The SF Board of Supervisors approved a nearly 11% salary increase for SFPD officers over the next three years, which will hopefully do something to encourage new officers to join the department, and encourage existing officers to solve more crimes.
The City and County of San Francisco is looking at deficit times again, with a $780 million deficit over the next two years. Mayor London Breed is demanding across-the-board budget cuts in every city department. But you wouldn’t know that from looking at the San Francisco Police Department budget. On the heels the SF Board of Supervisors approving SFPD's $25 million in extra overtime just last month, at this Tuesday's meeting, NBC Bay Area reports the supervisors approved a substantial pay raise for SFPD.
NBC Bay Area describes this as a “nearly 11% increase in salary over a three-year span for new officers.” (That number is actually 10.75%, per the Chronicle.) NBC Bay Area adds that “SFPD said it’s the highest entry-level salary package in the region with the annual starting salary at $103,000.”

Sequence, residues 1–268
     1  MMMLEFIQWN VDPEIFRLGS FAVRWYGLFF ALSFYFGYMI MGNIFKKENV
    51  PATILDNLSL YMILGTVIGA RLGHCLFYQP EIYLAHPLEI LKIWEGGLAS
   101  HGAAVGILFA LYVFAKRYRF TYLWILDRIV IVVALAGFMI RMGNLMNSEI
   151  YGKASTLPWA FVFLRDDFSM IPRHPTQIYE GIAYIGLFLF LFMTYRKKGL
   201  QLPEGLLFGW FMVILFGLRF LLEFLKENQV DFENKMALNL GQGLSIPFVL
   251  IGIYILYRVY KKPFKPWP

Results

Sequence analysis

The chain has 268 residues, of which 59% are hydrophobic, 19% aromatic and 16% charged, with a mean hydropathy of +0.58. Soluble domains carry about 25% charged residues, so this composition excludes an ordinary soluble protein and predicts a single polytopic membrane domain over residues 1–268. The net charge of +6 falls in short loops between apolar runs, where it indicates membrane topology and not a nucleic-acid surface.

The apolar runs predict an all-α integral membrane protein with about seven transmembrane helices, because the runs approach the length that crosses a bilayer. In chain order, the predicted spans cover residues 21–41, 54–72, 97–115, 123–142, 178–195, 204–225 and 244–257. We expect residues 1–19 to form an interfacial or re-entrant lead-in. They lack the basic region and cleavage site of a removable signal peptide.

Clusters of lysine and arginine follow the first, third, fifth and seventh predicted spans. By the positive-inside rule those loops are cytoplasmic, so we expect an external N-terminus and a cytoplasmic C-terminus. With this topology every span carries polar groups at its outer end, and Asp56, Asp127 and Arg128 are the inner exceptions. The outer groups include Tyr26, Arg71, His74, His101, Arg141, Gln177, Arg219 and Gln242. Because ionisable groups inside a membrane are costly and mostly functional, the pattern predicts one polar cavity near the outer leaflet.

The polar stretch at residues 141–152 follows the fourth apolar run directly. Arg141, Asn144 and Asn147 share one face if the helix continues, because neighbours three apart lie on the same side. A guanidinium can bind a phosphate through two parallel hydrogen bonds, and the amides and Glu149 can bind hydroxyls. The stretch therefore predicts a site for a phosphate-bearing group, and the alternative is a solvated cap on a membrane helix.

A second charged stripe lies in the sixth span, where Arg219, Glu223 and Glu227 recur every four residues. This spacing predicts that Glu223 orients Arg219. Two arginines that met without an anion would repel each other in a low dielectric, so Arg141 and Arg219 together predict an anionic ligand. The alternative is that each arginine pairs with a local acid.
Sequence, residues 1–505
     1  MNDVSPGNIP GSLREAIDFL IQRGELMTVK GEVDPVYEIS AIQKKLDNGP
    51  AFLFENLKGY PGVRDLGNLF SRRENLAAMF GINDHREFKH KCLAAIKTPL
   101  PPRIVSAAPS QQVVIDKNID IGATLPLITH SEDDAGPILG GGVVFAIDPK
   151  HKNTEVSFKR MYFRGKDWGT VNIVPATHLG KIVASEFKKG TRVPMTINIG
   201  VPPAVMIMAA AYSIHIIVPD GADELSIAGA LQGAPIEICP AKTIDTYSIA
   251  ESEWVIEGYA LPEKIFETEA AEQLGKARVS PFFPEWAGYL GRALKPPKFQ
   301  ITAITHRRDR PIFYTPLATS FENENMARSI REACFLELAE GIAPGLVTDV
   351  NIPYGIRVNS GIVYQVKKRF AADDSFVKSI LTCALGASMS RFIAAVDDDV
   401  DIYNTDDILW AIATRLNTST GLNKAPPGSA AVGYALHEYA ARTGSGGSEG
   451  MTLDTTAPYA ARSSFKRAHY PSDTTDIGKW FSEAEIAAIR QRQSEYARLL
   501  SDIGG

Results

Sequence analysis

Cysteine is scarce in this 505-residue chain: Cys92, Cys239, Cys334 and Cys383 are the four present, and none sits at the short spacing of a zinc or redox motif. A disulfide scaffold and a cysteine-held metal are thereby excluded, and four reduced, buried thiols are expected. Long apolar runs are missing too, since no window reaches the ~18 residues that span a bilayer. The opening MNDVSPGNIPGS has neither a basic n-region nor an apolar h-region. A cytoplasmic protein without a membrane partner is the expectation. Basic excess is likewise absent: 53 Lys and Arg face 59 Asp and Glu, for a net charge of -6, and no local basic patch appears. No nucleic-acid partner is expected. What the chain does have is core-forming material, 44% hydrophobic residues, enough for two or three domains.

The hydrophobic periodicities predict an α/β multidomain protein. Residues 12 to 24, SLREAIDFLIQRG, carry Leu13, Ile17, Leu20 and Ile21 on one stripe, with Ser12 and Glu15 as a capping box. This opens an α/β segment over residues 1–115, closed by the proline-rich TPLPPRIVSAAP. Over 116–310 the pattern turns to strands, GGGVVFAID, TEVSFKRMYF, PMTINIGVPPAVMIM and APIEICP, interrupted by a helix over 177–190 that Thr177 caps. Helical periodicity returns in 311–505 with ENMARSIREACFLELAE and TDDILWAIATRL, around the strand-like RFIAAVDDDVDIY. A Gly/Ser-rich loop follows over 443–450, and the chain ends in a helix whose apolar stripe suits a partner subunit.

“We need to do whatever we can to attract new people to come to San Francisco and be a police officer here,” Supervisor Joel Engardio said before the board vote. “Residents in my neighborhood are always asking for more police officers.”
The Chronicle pegs the overall cost of this raise at $166.5 million. The paper also notes that City Hall’s HR director Carol Isen told the board previously this month that San Francisco needs to “reestablish ourselves as a highly desired employer amid local law enforcement,” and that “To have officers who want to stay here with the inherent risks and challenges to be a police officer in San Francisco, it was our view that money is important.”
Yet this is the same force nagged by recurring “Police did nothing” stories in the last couple of years, and a Center on Juvenile and Criminal Justice report from last year found that “The SFPD has the lowest rate of reported offenses solved by an arrest (8.8%) compared to other major city departments” in California. Supervisor Dean Preston, the only board member who voted against the raise, argued that the city was throwing “unlimited amounts of money” at the police department, adding, “It’s a massive gamble to the tune of $166 million over three years based on little more than speculation.”
Image: @SFPD via Twitter